U.S. shoppers accelerated their level of spending in October even as the prices of goods jumped at their fastest pace since the 1990s, the Commerce Department reported Tuesday.
Retail sales, a measure of how much consumers spent on goods ranging across categories from autos to sporting goods and food and gas, increased 1.7% for October, compared with 0.8% the previous month.
Excluding autos, sales also increased 1.5%, according to the Census Bureau advance estimate.
The two numbers were above the Dow Jones estimates of 1.5% for the headline print and 1% for the core sales gain.
Online shopping posted the biggest relative gain for the month, rising 4% and good for a 10.2% gain from a year ago. Soaring prices at the pump pushed gasoline sales up 3.9% in October. Year over year, sales increases at stations have surged 46.8%.
The news comes after the consumer price index, measuring a similar basket of goods, increased 0.9% for October and 6.2% year over year. That year-over-year gain was the strongest since 1991. Even excluding food and energy, the CPI was up 0.6% from the previous month and 4.6% year over year.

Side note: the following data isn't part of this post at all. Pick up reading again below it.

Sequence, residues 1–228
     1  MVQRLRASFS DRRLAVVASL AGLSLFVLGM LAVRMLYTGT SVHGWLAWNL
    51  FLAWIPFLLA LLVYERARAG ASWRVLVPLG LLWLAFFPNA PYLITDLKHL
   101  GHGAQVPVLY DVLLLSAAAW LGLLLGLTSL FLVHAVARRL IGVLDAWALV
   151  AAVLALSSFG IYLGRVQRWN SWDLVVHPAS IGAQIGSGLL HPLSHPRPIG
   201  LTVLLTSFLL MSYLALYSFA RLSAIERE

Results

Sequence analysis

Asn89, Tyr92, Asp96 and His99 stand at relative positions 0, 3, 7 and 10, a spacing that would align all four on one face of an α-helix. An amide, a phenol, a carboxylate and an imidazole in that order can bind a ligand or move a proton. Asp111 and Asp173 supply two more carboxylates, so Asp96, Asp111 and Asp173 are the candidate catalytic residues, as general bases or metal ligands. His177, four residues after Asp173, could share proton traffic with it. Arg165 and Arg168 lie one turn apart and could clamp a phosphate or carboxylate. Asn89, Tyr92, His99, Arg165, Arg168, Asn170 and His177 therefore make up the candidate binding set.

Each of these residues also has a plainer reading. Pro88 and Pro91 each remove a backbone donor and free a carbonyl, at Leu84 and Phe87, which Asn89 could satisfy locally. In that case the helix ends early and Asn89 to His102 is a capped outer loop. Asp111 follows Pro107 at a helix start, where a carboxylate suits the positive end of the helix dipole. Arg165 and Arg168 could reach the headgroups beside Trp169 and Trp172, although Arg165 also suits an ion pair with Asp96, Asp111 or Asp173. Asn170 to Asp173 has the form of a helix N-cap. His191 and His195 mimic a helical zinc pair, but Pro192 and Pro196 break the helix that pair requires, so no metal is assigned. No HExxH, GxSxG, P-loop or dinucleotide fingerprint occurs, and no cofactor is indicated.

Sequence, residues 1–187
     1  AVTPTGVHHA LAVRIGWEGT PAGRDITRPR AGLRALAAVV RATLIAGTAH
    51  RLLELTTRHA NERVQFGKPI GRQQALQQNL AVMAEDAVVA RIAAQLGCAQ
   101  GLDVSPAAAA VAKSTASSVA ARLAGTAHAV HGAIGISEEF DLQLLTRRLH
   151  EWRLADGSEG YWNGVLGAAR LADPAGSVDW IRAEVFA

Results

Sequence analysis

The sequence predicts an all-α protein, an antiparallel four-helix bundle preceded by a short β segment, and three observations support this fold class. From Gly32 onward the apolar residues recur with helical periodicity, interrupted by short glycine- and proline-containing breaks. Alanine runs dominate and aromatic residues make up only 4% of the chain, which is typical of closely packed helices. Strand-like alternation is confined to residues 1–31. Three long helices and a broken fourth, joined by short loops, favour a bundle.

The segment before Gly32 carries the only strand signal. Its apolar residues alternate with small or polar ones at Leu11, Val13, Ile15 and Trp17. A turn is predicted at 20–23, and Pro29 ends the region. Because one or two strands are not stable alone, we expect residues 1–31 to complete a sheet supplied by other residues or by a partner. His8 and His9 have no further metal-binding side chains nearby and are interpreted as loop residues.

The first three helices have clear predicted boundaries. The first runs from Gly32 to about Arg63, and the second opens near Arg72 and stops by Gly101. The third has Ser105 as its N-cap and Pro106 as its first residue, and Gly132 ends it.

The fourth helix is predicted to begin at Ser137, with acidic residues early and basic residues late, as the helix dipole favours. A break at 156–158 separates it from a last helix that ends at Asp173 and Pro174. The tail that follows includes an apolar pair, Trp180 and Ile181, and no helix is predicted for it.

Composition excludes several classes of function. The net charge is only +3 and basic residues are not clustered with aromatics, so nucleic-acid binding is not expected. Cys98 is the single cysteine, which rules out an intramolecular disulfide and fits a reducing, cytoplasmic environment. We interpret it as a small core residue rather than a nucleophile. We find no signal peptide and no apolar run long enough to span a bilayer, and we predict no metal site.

However, the retail sales numbers — which are adjusted for seasonal variations but not for inflation — indicate consumers are willing to pay the higher prices.
U.S. households have been flush with cash, thanks to a series of payments Congress approved to combat the pandemic crisis. The spending as totaled more than $5 trillion and included transfer payments in the form of direct checks to the millions of Americans, as well as enhanced unemployment benefits, most of which expired in September.
Savings totaled $1.6 trillion in the third quarter, well off the pandemic peak but still at a high level. However, worries over inflation have been creeping up in sentiment surveys.
Spending has remained brisk, however, with debt and credit card outlays up 27% on a two-year basis, according to Bank of America.
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